No Senator or Representative shall, during the Time for which he was elected, be appointed to any civil Office under the Authority of the United States which shall have been created, or the Emoluments whereof shall have been increased during such time; and no Person holding any Office under the United States, shall be a Member of either House during his Continuance in Office.
The argument goes: Hillary Clinton served in the Senate during a period in which the compensation for the Secretary of State was increased by way of executive order, therefore she is ineligible to assume that position.
I read the clause to disqualify her from the office until 2012 (the ‘Time for which [s]he was elected’.) The only necessary condition for the clause is that emoluments ‘have been increased’ during the time. Most people can agree on this point but there is a small contingency- likely in the single digits- that believes that the Senate may simply lower the wage to pre-election levels for the potential nominee.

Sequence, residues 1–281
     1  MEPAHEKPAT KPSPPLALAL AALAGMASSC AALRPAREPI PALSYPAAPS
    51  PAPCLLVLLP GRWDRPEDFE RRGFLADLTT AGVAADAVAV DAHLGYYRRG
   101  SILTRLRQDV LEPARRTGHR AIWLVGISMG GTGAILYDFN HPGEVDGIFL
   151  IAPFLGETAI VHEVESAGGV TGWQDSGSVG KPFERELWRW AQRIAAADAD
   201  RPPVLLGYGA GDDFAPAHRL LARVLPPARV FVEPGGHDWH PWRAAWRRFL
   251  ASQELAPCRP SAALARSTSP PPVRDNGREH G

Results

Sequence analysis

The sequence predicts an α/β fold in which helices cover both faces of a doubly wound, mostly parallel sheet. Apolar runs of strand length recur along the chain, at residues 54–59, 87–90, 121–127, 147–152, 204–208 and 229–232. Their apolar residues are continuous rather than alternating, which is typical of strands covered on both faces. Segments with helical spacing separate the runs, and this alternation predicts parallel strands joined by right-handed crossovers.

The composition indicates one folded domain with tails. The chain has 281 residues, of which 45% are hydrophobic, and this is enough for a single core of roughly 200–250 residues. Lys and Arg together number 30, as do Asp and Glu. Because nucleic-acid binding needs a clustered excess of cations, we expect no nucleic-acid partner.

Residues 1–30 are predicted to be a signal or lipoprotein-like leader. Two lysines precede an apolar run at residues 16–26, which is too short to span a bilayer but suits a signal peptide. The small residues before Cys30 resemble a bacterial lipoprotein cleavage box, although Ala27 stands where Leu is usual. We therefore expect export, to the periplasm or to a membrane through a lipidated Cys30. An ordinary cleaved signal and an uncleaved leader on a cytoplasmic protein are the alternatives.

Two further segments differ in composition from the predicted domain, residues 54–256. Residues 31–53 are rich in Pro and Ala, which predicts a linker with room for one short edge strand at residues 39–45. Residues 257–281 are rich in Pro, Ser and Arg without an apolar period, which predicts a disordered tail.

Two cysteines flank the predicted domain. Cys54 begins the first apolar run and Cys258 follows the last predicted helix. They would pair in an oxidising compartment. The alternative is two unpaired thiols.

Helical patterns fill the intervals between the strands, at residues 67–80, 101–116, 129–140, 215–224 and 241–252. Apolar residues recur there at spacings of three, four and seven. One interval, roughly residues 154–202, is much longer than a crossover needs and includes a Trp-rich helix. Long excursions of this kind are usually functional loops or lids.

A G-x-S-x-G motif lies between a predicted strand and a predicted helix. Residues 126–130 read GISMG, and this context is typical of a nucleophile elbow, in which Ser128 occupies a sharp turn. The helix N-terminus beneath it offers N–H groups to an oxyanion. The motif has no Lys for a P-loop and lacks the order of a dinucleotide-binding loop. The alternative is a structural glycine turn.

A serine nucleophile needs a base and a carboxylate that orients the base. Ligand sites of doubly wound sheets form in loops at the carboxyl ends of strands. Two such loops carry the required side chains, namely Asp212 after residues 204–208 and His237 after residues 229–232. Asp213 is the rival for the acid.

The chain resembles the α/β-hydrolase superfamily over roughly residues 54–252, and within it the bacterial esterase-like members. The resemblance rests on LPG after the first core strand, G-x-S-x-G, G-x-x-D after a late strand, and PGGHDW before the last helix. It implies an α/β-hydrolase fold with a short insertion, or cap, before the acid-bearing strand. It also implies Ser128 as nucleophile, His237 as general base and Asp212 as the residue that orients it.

The most common fix for the Emoluments Clause is the so-called ‘Saxbe Fix’ although it was used long before Richard Nixon appointed Senator Saxbe to Attorney General in 1973. President Taft had used it in 1909 and its Constitutionality has been debated by subsequent administrations. Rumor has it that because the Reagan administration decided that the Saxbe Fix was unconstitutional, they avoided appointing Sen. Orrin Hatch to fill the seat left by the retiring Justice Lewis Powell. The administration would later appoint Anthony Kennedy to fill the seat after the failed nominations of Robert Bork and Douglas Ginsburg.
DailyKos has interesting analysis from Madison’s notes at the Constitutional Convention. I tend to think the Saxbe Fix conforms quite reasonably to the intent of the Emoluments Clause but does not stand up to what the text of the clause actually reads. Unfortunately then, I would consider the appointment of Hillary Clinton to Secretary of State (before 2012) to be unconstitutional.